Local Daisy Troop #7367 earned badges by cleaning up the Urban Forest. These hard-working young ladies also performed a heartwarming skit as a tribute to HB Tree Society President Jean Nagy. Their lines included: “Did you know it all started with a lady named Jean who thought there were not enough green spaces in Huntington Beach?  …  That was before we were born! …  She sounds like the kind of woman that lives up to the Girl Scout Law …  Yes! We can make the world a better place too!”

Support, Your Style

Are you and your dog enjoying outings through the Urban Forest & along the Shipley to Shore Nature Trail?  We welcome your support through funding and volunteering! To show our appreciation, Urban Forest best dog friend photos will be featured on hbtrees.org/dogsupporters.

If you have an Amazon account, your purchases can now beautify our community. For the same products and prices, you can donate 0.5 percent of the price of your purchases, which adds up quickly!  Simply visit your Amazon page and under  “Account & Lists,” select Amazon Smile and type “Huntington Beach Tree Society, Inc.” For future online shopping, type “SmileAmazon” in your browser to be directed to the site.

Here’s how your groceries can make our community greener:

Visit ralphs.com. Create or log into your Ralphs account. Click on “Community Rewards” & search for the non-profit HUNTINGTON BEACH TREE SOCIETY, then click Enroll.

It costs nothing to enroll or contribute, & funds forestation for generations. Let’s grow!

——————————————————————————————————————————————————————————————-

Check out these videos!


Click on the flowers above and, when prompted, use this password to view a spectacular 3-minute video: springF0rest (The 0 is a zero and not o). Our thanks to creator Peggy Priver for allowing us to share her photography. Enjoy!

Saving Green, shot and produced by Matt Hanlon, is a short 2018 documentary about a group of volunteers who have fought for decades to preserve and maintain Huntington Beach’s parks. HB Tree Society is working with the city on a more sustainable model for managing city-owned green space.

——————————————————————-

Huntington Beach Tree Society (HBTS) was incorporated in 1998 as a nonprofit 501 (c)(3) with the purposes of:

  • Planting and maintaining trees
  • Educating the public about the benefits and importance of trees and California friendly plants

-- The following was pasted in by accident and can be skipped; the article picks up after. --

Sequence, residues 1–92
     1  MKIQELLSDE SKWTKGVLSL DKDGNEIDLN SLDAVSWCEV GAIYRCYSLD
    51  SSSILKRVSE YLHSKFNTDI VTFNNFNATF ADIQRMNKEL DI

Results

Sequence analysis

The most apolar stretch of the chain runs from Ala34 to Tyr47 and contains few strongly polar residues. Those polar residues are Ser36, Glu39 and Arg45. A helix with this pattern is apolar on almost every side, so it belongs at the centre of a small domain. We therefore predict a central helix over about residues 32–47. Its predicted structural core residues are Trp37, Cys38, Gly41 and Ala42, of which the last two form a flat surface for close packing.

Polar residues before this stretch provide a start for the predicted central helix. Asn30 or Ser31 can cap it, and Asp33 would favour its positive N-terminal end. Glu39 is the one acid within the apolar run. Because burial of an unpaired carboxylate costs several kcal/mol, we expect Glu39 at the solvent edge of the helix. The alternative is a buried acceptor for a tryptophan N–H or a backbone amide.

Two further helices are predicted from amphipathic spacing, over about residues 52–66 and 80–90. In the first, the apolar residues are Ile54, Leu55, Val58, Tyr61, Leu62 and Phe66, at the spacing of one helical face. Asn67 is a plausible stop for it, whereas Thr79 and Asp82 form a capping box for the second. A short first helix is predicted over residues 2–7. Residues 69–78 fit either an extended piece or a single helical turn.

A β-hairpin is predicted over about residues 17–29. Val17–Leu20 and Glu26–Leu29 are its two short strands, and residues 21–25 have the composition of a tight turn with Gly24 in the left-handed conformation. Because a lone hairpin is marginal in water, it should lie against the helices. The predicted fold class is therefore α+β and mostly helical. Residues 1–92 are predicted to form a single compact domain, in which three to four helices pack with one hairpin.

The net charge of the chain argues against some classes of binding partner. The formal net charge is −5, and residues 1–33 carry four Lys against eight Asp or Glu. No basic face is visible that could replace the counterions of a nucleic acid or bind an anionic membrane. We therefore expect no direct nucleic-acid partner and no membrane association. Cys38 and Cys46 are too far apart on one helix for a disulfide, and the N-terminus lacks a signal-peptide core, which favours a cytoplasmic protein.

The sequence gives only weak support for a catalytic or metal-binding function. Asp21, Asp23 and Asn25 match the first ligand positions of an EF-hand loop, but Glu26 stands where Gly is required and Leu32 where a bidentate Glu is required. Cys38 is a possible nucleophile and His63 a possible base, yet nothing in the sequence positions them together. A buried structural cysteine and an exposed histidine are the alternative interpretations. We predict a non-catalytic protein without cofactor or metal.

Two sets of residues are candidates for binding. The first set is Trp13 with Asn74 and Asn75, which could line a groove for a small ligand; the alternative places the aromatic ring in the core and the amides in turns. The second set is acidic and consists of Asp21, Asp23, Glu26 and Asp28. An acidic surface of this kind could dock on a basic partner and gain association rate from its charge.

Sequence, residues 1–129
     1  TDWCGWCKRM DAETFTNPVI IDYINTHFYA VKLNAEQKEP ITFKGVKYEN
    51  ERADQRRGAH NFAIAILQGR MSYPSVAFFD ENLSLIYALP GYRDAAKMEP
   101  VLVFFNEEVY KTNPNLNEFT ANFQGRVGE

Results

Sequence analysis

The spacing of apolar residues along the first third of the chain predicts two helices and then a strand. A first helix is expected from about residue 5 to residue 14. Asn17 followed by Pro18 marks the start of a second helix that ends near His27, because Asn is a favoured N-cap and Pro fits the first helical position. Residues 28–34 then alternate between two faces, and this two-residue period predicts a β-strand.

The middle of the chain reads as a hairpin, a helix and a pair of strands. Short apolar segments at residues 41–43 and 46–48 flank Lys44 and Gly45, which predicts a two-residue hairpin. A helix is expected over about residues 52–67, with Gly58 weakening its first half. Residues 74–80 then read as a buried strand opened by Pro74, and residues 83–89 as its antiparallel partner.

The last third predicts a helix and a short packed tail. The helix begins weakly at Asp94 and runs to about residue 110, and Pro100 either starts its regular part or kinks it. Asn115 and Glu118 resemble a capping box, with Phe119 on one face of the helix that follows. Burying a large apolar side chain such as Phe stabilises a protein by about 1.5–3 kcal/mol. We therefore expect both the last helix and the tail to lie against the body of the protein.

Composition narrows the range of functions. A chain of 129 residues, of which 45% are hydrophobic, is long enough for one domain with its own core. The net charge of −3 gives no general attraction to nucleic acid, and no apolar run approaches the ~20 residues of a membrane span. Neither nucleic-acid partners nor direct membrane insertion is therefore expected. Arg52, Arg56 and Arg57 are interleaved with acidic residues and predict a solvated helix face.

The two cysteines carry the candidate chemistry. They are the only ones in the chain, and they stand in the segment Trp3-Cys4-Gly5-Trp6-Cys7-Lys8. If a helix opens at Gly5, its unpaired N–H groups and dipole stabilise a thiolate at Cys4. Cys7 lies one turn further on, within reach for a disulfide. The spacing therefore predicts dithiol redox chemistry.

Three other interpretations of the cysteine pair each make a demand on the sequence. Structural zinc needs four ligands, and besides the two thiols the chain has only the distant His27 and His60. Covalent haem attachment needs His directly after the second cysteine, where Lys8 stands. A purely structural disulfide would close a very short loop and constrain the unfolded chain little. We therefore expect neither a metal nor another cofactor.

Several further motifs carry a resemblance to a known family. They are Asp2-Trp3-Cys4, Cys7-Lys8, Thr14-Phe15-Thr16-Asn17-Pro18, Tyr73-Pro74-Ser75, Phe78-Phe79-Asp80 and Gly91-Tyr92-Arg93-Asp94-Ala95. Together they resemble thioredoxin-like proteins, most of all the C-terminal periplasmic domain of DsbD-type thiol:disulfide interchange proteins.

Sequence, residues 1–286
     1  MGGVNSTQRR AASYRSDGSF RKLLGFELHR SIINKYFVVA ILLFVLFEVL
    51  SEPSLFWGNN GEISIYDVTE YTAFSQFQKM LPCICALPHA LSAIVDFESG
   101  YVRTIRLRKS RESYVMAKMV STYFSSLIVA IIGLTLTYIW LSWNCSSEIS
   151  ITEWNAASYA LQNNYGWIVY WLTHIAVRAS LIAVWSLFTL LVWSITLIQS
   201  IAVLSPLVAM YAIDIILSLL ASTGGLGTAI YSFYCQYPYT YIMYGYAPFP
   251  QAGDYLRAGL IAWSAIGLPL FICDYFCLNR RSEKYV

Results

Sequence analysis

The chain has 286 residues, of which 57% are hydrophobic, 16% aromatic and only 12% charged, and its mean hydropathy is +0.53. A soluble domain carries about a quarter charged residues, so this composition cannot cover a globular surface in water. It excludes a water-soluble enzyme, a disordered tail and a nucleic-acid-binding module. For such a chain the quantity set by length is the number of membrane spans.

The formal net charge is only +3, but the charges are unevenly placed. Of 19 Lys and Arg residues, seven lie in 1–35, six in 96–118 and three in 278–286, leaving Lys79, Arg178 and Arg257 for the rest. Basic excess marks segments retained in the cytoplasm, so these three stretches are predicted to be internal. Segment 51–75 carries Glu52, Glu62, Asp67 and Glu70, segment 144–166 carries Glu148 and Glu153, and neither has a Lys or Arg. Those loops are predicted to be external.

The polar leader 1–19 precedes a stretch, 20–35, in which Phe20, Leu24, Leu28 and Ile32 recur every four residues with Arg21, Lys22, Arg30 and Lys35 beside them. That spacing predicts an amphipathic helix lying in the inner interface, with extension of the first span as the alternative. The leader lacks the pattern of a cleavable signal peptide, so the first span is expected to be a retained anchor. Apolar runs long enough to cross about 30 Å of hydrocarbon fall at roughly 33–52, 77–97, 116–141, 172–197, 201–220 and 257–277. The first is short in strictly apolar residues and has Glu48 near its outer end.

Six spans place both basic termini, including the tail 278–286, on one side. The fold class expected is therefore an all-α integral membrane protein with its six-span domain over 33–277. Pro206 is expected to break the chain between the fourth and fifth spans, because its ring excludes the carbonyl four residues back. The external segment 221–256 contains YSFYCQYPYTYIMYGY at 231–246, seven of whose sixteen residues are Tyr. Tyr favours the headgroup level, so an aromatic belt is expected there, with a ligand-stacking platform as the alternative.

• Enlarging our green environment (another name for plants/trees in cities) for the enjoyment and health of all
  • Increasing habitat for urban wildlife

We are an equal opportunity, all-volunteer organization. Donations do not go to salaries. Our dollars go a long way! 

Exceptional attributes: We are an equal opportunity, all-volunteer organization. Donations do not go to salaries.  We have a donated office and donated use of two trucks. Our dollars go a long way! To date we have purchased and planted more than 8,000 trees and CA-friendly plants growing in and around the Urban Forest, located in southwest Huntington Beach Central Park.

 

HB Central Park Feathered Tree Fans

Visit the Bird watching in the Urban Forest page for regular updates on species observed.

As habitat expands thanks to planting and nurturing by HB Tree Society volunteers, more birds, butterflies and other species are appearing!

American Kestrel in the Urban Forest (Photo by John O’Gara)

Anna’s Hummingbird (Photo by John O’Gara)

A Spotted Towhee, spotted in the Urban Forest

Hummingbird in the HB Central Park Secret Garden

A hummingbird pollinates Central Park wildflowers

Cooper’s Hawk on the Shipley to Shore Trail

 

Black Phoebe, dining on a dragonfly.

A Great Horned Owl on an evening visit to HB Central Park’s westside raptor foraging area.

A blue-gray Gnatcatcher, at home in the Urban Forest.

A white-tailed Kite, also seen in the Urban Forest

Birder Lena Hayashi has been tallying bird counts at Shipley Nature Center for years. Since fall 2020, she and her team have been doing counts in the Urban Forest as well!  Click here to learn more. 

 




Checks may be sent to:

HB Tree Society
PO Box 1269
Sunset Beach, CA  90742

SaveSave